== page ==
2023 BMW X7 Review: iDrive Wow Factor and Better Fuel Efficiency | GearJunkie

2022-12-08 22:07:19 By : Mr. peng xu

November 23, 2022 |  By Evan Williams

With a new six-cylinder engine and 48V hybrid system, the 2023 BMW X7 driveline is much improved. But it’s the tech upgrades that are the focal point of this big corner carver. Aluminium Led Diffuser

2023 BMW X7 Review: iDrive Wow Factor and Better Fuel Efficiency | GearJunkie

The most obvious change to the 2023 BMW X7 is that new nose. The split-light look is new for BMW, and it’s going to be reserved for what it calls its luxury models. By luxury, BMW means the 7 Series (and i7), and the upcoming XM. None of the rest of the line will get the look. Or at least that’s the story now.

It’s a polarizing new face, but there’s no doubt one new detail will be extremely popular. Not the standard LED headlights, but the new illuminated kidney grille. BMW calls it understated. We call it garish. Based on the number of Mercs we’ve seen around Palm Springs with the same treatment on their noses, this will be a popular option.

We’re in Palm Springs now, testing out the refreshed 2023 BMW X7. It’s the sort of place where this bold statement fits right in, where the number of pool cleaning trucks is matched by the number of Bentleys.

It’s the topography around this desert oasis we’re interested in, though. The winding roads and stunning backdrops, all found in Joshua Tree National Park.

BMW has tweaked the rear on the X7, though it’s far more subtle than the nose. The taillights have some more three-dimensional sculpting, a detail hidden under new glass covers. The L-shaped light strips are brighter than before. There are some new paint colors, too, You can pick around 40 from the BMW individual catalog on request.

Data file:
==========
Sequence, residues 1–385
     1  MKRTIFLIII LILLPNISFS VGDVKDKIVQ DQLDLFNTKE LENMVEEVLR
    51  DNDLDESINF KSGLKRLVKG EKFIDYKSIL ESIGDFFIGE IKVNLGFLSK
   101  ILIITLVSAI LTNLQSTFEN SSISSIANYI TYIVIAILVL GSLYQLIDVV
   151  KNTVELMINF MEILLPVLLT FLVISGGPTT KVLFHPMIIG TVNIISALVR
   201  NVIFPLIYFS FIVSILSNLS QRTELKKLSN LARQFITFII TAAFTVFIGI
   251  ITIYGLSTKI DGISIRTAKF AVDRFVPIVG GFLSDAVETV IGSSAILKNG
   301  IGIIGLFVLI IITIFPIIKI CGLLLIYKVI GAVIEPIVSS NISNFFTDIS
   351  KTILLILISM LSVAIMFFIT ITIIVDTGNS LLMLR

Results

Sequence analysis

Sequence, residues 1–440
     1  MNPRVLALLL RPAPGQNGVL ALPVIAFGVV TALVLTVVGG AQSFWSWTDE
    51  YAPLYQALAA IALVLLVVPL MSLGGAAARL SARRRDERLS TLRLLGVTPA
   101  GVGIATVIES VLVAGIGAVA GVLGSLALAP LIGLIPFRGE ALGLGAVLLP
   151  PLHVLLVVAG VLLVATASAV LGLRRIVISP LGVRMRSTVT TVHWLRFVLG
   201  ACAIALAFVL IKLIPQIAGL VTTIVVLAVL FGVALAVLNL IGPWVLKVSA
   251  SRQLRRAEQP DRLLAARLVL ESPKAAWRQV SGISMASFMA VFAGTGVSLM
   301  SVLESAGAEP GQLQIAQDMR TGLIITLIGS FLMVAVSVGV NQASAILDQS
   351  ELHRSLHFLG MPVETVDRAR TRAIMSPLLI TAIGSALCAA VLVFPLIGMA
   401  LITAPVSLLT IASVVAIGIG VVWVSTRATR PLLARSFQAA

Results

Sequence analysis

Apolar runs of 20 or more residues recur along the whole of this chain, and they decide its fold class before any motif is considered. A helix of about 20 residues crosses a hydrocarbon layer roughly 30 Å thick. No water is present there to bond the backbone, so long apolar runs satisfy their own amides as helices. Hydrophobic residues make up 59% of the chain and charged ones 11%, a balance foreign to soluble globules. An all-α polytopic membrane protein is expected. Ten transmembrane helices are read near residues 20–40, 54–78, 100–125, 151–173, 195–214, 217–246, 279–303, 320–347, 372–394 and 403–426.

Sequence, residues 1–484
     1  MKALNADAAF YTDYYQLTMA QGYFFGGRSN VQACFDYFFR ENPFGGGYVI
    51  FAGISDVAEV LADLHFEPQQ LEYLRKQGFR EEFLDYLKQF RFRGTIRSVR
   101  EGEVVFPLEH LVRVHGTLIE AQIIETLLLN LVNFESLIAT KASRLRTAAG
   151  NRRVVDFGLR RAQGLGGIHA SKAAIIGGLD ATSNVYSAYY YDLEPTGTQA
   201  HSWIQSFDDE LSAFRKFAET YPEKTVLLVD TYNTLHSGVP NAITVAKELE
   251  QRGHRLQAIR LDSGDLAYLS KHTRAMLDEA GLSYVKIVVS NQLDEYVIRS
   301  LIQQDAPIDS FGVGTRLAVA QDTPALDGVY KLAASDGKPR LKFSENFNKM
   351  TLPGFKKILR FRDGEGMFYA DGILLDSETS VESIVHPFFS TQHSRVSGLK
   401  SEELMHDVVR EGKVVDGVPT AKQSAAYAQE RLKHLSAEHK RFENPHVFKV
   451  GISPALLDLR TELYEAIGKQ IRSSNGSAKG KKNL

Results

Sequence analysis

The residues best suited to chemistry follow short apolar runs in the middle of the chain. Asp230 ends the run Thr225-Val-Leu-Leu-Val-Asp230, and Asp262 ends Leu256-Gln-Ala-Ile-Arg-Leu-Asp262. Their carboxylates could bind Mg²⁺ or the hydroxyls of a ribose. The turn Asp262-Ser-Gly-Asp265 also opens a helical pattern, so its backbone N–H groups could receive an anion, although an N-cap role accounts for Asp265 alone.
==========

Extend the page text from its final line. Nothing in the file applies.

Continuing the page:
Behind the new light-up kidney grilles are two new powertrains. One is a bit newer than the other. The 4.4L twin-turbo V8 in the X7 M60i gets a new 48V mild hybrid system.

Thanks to a small electric motor in the eight-speed automatic transmission, this X7 has much improved start-stop operation and comes back more smoothly from coasting.

The 2023 BMW X7 has a bit more torque under the curve, thanks to the 147 pound-feet the electric motor generates (and 12 horsepower). This gets the X7 moving a little more quickly when the engine is in start-stop mode. The peak figures are unchanged, though, with 523 horsepower and 553 pound-feet available.

This is the rocket ship of the lineup (until the Alpina model arrives). With a bellow from the tailpipes, it propels the big X7 along like it was a much smaller and lighter vehicle.

The transmission is all new and changes gears even faster than before. Sprint mode is new, a feature that instantly grabs the lowest possible gear if you hold the left paddle for a second. At the same time, the X7 switches everything into sport mode. Though by the time that’s done, you’ll probably have long since finished your pass.